Hundreds of weddings have taken place in Zaatari refugee camp in Jordan since it opened in 2012 and is home to 127,000 people who fled the conflict in Syria.
CNN correspondent Atika Shubert said she was overwhelmed by the sheer number of desperate people flocking from the Syria-Jordan border to Zaatari.
She interviewed Rowaida Abu-Zaid, a mother of two and owner of Alma's Salon for Women which is one of three wedding dress shops set up inside the camp.
The hairdresser borrowed some money and bought a variety of colorful dresses which now hang proudly on the wall of her shop inside the camp which is open every day from dawn to dusk.
"I expected it to be more grim once I got inside the camp," Atika admitted when discussing her visit to the area earlier this month to make a documentary for CNN.
Atika Shubert was particularly surprised by the camp's main street, known as the 'Champs Elysees', which features 3,000 shops, restaurants and food vendors.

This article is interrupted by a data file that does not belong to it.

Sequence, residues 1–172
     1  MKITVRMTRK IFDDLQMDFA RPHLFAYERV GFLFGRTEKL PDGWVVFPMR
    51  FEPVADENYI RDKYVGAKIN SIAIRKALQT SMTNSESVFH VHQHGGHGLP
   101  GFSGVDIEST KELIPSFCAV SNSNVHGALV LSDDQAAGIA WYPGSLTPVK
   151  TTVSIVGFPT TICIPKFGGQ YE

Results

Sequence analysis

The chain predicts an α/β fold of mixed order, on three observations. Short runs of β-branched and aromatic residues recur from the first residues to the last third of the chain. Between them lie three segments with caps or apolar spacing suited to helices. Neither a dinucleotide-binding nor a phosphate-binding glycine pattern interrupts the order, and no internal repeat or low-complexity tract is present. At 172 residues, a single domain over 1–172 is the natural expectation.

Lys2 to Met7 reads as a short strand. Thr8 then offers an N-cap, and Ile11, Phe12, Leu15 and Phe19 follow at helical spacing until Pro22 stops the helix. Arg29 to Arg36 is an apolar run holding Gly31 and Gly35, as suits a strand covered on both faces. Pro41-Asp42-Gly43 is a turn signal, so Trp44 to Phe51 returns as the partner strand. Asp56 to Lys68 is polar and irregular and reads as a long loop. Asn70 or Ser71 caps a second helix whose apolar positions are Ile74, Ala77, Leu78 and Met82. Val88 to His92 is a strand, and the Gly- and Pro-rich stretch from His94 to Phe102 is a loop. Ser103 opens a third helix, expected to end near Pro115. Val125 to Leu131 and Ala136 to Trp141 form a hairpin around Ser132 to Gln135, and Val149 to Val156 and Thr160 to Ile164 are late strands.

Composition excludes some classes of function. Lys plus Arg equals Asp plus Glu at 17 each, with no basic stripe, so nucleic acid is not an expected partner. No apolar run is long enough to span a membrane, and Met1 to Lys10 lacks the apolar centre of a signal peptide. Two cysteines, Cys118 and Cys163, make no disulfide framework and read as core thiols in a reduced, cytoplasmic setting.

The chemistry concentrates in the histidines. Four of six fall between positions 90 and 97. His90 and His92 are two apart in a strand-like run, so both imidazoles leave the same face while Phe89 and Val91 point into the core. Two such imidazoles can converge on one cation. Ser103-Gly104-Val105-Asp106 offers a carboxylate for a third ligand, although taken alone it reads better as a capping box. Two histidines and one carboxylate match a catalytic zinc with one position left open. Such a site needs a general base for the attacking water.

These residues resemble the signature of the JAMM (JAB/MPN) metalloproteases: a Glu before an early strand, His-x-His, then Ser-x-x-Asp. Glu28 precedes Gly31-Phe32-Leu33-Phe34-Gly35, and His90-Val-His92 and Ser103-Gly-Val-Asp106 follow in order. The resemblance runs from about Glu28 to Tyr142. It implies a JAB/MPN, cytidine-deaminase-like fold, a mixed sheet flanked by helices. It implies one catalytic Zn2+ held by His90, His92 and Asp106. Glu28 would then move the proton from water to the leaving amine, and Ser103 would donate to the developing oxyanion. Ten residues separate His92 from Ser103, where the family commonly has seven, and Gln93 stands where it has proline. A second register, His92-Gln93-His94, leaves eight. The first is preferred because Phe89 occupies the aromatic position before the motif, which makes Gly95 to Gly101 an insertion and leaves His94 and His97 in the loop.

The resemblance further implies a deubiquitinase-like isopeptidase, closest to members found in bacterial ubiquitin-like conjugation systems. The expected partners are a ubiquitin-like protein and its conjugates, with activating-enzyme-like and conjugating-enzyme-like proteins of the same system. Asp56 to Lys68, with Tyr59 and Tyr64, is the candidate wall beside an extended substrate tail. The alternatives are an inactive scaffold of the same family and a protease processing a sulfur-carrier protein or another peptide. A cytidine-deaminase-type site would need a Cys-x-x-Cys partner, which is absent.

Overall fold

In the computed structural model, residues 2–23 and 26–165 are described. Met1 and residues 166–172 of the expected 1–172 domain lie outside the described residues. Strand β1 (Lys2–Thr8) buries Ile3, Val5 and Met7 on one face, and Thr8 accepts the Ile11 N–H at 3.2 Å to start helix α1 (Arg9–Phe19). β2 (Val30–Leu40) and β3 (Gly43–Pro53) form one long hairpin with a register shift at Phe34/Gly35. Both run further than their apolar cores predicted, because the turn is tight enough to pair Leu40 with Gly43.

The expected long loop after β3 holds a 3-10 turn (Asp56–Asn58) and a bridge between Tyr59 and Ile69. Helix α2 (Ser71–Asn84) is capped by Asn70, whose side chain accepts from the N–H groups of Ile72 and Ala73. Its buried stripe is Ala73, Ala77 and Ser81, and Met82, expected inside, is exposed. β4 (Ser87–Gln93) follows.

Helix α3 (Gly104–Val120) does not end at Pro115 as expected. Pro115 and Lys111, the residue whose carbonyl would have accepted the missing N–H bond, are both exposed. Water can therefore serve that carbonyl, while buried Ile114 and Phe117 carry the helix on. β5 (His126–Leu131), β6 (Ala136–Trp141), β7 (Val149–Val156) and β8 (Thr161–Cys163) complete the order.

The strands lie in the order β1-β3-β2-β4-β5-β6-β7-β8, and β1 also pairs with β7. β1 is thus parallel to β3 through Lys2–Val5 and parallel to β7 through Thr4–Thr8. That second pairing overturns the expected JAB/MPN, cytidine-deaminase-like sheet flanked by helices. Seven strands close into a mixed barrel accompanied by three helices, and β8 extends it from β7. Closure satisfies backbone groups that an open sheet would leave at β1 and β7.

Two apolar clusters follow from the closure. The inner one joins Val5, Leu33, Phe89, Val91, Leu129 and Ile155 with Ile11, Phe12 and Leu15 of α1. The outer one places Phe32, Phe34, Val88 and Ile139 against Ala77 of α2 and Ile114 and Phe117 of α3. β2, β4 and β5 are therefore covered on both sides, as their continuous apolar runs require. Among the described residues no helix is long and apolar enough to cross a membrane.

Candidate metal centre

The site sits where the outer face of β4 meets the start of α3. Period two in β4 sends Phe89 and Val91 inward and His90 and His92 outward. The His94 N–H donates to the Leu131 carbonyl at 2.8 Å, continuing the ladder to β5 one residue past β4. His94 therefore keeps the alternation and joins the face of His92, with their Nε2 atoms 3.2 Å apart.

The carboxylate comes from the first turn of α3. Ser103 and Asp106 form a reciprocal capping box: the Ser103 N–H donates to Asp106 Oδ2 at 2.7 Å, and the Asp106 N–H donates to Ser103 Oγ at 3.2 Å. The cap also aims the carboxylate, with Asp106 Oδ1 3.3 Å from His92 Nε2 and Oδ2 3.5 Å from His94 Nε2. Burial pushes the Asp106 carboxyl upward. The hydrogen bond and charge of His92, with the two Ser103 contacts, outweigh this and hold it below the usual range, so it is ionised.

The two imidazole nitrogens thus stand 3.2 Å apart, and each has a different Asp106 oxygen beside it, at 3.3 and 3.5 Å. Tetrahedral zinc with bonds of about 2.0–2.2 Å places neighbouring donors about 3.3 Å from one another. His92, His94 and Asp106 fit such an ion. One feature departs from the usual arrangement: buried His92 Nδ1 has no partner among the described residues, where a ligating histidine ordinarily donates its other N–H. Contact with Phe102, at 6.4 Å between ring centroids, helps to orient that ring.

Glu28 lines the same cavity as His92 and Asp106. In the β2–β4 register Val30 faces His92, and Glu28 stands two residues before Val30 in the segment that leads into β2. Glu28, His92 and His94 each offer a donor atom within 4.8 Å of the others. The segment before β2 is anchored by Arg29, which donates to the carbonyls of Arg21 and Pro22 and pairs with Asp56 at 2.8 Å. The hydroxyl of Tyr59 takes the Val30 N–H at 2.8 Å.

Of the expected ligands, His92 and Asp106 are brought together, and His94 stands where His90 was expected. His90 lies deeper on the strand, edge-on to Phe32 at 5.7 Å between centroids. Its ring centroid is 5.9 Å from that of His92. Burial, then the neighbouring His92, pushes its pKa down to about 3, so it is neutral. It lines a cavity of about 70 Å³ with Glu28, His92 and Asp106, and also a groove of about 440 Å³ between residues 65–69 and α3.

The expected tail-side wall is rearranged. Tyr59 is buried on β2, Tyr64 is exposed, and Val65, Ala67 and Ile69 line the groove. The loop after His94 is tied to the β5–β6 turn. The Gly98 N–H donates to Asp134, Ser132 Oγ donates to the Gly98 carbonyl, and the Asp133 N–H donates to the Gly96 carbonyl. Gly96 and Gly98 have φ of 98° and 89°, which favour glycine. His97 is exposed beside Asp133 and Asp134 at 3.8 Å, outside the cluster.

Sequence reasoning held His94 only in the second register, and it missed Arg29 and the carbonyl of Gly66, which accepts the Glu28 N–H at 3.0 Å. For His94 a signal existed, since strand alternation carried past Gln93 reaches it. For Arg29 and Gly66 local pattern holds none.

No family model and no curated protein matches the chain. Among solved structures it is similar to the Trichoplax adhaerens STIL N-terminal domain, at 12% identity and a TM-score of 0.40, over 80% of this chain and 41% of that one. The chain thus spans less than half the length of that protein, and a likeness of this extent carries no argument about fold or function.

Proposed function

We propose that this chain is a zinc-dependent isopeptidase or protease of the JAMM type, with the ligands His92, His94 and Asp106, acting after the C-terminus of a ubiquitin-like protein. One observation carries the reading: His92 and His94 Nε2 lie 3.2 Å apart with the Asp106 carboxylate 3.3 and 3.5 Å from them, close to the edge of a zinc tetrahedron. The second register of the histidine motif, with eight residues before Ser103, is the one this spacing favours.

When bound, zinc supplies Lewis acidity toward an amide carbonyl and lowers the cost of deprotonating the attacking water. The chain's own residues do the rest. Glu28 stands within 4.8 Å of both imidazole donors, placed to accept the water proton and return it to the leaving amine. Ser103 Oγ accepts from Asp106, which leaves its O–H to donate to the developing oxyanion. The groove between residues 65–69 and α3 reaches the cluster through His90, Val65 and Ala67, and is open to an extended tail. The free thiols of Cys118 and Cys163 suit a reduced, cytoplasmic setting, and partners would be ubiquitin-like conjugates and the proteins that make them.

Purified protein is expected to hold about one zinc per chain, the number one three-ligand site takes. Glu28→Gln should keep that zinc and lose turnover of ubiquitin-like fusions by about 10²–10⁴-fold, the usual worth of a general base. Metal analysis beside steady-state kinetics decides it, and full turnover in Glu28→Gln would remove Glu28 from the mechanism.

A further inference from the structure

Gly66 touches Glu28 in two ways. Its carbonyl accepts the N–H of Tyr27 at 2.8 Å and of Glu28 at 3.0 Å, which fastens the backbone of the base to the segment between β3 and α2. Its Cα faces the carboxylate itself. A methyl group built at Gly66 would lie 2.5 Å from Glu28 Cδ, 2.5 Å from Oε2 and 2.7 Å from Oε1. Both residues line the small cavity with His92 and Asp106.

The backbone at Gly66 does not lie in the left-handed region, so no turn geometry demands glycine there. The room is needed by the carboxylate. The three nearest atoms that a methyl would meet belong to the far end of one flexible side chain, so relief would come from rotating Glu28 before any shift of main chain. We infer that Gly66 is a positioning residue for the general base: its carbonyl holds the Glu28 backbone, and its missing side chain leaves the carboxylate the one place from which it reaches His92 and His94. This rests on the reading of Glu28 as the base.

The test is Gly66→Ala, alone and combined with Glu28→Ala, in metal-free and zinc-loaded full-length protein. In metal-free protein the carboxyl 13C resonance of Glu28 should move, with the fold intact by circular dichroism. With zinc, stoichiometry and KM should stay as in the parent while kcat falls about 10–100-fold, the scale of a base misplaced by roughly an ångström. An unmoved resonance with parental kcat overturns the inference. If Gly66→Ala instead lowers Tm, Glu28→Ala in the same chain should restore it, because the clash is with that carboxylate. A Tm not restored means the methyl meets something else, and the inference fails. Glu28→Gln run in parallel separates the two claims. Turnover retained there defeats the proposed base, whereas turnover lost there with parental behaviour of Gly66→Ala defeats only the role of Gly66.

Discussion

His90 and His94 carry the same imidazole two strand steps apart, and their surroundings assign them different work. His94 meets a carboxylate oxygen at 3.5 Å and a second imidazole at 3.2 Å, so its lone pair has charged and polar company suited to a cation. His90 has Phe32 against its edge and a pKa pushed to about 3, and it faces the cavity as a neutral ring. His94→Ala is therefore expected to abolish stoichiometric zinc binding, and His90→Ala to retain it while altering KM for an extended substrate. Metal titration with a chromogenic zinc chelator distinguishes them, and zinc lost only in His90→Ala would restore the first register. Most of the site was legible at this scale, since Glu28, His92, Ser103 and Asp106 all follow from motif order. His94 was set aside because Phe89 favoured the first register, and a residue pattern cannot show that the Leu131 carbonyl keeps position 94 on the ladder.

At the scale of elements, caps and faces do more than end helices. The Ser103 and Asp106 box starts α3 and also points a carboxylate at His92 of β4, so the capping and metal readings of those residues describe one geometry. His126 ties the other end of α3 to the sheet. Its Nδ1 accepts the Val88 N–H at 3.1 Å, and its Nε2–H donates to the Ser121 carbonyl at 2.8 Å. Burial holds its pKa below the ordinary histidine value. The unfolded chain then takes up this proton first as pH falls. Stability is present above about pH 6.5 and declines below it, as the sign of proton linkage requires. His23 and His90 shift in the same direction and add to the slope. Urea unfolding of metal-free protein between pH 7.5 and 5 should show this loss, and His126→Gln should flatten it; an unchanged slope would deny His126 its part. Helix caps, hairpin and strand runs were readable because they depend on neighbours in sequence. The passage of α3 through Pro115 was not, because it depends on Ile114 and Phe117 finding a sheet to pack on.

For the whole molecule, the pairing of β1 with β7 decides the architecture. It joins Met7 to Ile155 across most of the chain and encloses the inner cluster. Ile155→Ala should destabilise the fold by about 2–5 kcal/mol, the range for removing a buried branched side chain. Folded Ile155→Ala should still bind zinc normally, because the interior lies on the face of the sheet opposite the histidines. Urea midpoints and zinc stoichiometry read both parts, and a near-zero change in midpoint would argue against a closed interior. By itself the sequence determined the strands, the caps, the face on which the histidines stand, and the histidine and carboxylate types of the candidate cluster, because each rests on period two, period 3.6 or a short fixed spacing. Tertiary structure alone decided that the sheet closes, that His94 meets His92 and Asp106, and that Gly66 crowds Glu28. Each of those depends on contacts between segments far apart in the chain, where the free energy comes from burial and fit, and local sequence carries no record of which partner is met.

And of course, three wedding dress outlets.
Atika Shubert has a facial at Rowaida's salon. It is profitable as at least ten weddings take place every week in the camp, according to the UN Refugee Agency.
Rowaida fled the fighting with her husband and children and has lived in the camp, which is about 8 miles from the Syrian border, for a year and a half.
She was a hairdresser in Syria and her sister was a make-up artist, but she only came up with the idea of opening her own business when one of her clients suggested she rent out wedding dresses.
"The sad reality is that families are getting their daughters married younger and younger for several reasons, it can be to another refugee with better prospects."
Rowaida explains: "The problem is even though they are young their parents get them married because they are afraid about their future."
Source: Daily Mail